If there was ever something that gave new meaning to the saying, “It’s the best thing since sliced bread,” then it’s image stabilization.
Without it, our work as photographers would be so much harder. Lots of our images would be crappy, to say the least. We would have to make weird and wonderful plans to take in-focus pics and we would have a few more swear words in our arsenal!
If these statements have not convinced you that image stabilization is something we cannot live without, then just hang in there. It will come.
What will we look at in this guide?
In this guide, we are going to have a look at image stabilization in digital cameras: what it is, what it is called by whom, and how to use it best. We will even have a look at when not to use it. Yes, believe it or not, sometimes you may want to disable it.
What Is Image Stabilization?
Let’s look at the visible, most obvious definition of image stabilization.
It is the perception (yes, it is only a perception!) that the image in your viewfinder (or on your LCD screen) is stable. Or to put it differently: that you are holding your camera perfectly still.
In some cases (depending on what image stabilization mode you select), the subject would not appear to be stable to your eyes, but it does appear to be still to your sensor.
Fact is, it’s all about having a subject or scene perceived to be motionless in the frame, to achieve a sharp (non-blurred) result.
Image stabilization is known by a few names, depending on the brand of your gear. Whether it is to avoid patent issues or just because each brand wants the ‘best’ term for it is beside the point. Let’s have a look at a few of them:
Canon: ‘Image Stabilization’ or ‘IS.’
Well, at least this one is straightforward and a good indication that Canon was the first to release this technology (in 1995).
Nikon: ‘Vibration Reduction’ or ‘VR.’
Nikon did not fall too far behind Canon with their first VR lens, released in 2000.
Sigma: ‘Optical Stabilization’ or ‘OS.’
Tamron: ‘Vibration Compensation’ or ‘VC.’
Sony: ‘Optical Steady Shot.’
Other camera brands’ image stabilization terminology has been made up by hybrids of the above terms.
Two Types of Image Stabilization
There are two types of image stabilization, each with its pros and cons.
Image Stabilization Type 1: In-Lens Stabilization (IS or OIS)
This was the first image stabilization technology introduced by Canon and Nikon. It was quite expensive in the beginning as the demand was slim. The cost of exchanging lenses just for the sake of image stabilization was an effective deterrent as far as photographers were concerned.
The natural process of acquiring lenses saw this technology creeping into the camera world, however, eventually bringing the cost down and spreading its use even further.
In general, stabilization built into lenses is known as Optical Image Stabilization.
Image Stabilization Type 1: In-Body Image Stabilization (IBIS)
This was the solution adopted by many camera brands not having Canon and Nikon’s massive budgets to build IS into their lenses. It was much cheaper to build image stabilization into their new camera models.
In-body image stabilization is also known as Electronic Image Stabilization.
The Pros and Cons of the Two Image Stabilization Types
What are some of the advantages and disadvantages of the two types of image stabilization? Why is it important to you? What should you keep in mind when having to choose between the two?
Advantages of In-Lens Image Stabilization
- Optically stabilized lenses are more effective than cameras. Both Canon and Nikon claim that image stabilization can be fine-tuned more effectively in lenses rather than in-camera bodies. Lenses can apply the image stabilization technology built into it, regardless of the camera bodies they are mounted on.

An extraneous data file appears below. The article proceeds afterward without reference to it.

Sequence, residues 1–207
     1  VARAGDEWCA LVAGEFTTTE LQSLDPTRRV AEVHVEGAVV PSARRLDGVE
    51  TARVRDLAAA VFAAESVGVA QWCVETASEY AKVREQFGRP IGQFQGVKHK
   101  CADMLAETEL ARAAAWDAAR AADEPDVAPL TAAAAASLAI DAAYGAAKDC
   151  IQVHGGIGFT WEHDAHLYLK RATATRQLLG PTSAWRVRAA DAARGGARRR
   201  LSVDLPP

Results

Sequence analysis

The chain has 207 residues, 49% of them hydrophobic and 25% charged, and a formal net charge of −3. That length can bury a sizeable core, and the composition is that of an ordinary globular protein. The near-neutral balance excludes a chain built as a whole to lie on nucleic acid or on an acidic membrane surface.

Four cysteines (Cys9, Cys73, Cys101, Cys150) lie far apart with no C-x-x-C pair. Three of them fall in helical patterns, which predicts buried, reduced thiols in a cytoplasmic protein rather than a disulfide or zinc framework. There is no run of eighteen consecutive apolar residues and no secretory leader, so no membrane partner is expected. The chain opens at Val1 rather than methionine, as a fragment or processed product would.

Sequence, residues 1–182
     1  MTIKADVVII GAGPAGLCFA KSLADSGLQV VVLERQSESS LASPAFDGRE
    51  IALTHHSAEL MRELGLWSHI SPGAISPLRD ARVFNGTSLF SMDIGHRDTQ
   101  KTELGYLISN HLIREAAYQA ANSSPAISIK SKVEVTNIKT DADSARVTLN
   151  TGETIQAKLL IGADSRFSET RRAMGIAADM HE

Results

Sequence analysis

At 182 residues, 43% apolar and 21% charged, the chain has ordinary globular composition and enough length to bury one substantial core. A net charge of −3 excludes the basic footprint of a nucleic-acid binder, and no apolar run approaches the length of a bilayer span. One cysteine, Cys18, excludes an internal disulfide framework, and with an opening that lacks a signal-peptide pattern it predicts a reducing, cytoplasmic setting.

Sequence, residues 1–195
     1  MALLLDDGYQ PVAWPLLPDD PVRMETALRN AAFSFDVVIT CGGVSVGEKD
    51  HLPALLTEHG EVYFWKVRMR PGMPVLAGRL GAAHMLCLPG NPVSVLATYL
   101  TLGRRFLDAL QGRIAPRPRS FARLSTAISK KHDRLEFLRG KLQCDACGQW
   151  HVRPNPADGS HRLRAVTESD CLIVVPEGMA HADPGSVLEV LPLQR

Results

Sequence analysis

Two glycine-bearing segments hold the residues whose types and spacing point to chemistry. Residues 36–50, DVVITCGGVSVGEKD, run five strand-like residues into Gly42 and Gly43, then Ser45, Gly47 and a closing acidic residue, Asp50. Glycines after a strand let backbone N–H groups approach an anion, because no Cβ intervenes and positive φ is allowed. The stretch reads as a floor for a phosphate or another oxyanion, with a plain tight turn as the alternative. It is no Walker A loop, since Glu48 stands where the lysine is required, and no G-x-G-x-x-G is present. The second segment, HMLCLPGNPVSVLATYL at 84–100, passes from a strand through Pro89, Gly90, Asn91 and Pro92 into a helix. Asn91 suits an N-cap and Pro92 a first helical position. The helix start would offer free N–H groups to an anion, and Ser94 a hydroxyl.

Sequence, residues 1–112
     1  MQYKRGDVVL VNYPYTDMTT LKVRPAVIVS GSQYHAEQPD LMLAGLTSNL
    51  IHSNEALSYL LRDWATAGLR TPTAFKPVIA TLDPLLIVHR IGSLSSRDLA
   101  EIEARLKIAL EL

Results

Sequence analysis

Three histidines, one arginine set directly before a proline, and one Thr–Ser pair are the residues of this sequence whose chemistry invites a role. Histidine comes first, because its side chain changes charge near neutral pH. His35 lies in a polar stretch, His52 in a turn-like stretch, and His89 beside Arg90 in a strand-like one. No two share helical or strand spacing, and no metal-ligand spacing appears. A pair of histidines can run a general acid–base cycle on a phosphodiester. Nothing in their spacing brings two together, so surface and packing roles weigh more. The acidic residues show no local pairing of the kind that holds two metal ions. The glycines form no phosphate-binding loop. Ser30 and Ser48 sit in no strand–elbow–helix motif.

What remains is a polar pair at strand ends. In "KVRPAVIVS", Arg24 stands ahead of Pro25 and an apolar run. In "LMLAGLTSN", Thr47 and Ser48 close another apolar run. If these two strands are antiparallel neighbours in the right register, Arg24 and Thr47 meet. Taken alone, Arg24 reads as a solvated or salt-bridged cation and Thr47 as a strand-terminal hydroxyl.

- Lens stabilization is more effective on long zoom lenses. Long lenses have much wider ranges of sensor movements. This cannot be accommodated by in-body image stabilization.
- Lens stabilization does better than in-body stabilization in low light. The camera’s metering and autofocus sensors return more accurate results when receiving a stabilized image from the lens.
- Lens image stabilization is visible in DSLRs’ viewfinders. Because a stabilized image from the lens is hitting the camera’s mirror.
- Lens image stabilization works in film cameras. This is a huge advantage for those among us who hang on to this hard-to-die practice.
Disadvantages of In-Lens Image Stabilization
The fact that this lens’s image stabilization button is named ‘Optical Steady Shot’ is an indication that it’s a Sony lens. Photograph by Thomas Wolter
- Optically stabilized lenses are more expensive. Technology = money. No rocket science behind this one.
- Lower quality bokeh. When light passes through an image stabilized lens, it shifts from its optical path. Very few people are aware of this. Keep it in mind when doing your best to produce super bokeh.
- Weight. Image stabilized lenses are heavier than their non-stabilized counterparts. But compare that against the weight and inconvenience of a tripod carried along to introduce your own image stabilization.
Advantages of In-Body Image Stabilization
- Cost. It is much cheaper to build image stabilization into cameras than into lenses with all their moving parts. An added cost advantage is that you can use it with any of your lenses that do not have built-in image stabilization.
- More suitable for video. I’d like to mention this even though my goal was not to discuss the video in this guide. The fact is, most mirrorless cameras are quite good at video recording (compared to DSLRs) and it is exactly these cameras that brag with in-body image stabilization.
In-body stabilization includes anti-roll features. In other words, it attempts to fight horizon tilt during video shoots. This is not something lens image stabilization caters to.
Disadvantages of In-Body Image Stabilization
- Not as effective at long focal distances. The relatively large movement hitting your sensor at a long focal range cannot be handled efficiently by your camera’s image stabilization technology.
- Feedback loop. When using in-body image stabilization in a tripod-mounted camera, your camera’s system detects its own vibrations and starts moving the image around, even when everything else is completely still. The result is a blurred image.